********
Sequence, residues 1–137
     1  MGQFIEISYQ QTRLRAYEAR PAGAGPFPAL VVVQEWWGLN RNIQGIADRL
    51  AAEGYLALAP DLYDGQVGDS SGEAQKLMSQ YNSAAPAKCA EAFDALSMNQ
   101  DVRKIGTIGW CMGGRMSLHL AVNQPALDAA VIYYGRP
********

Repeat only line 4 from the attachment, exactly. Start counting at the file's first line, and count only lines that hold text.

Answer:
   101  DVRKIGTIGW CMGGRMSLHL AVNQPALDAA VIYYGRP